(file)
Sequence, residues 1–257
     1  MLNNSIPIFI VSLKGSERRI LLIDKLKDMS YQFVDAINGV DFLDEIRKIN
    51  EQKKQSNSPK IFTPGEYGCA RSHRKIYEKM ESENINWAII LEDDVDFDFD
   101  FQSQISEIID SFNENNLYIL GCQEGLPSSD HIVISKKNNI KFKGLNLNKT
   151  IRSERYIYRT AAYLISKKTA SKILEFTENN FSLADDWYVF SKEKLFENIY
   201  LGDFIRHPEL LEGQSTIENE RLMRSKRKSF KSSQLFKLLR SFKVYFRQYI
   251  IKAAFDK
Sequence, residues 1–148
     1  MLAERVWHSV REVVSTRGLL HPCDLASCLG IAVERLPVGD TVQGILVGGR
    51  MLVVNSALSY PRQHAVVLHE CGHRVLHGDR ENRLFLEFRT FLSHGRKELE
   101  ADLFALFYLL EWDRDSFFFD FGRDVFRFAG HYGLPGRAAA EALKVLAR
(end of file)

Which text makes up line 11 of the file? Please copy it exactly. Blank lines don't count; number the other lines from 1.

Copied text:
   101  ADLFALFYLL EWDRDSFFFD FGRDVFRFAG HYGLPGRAAA EALKVLAR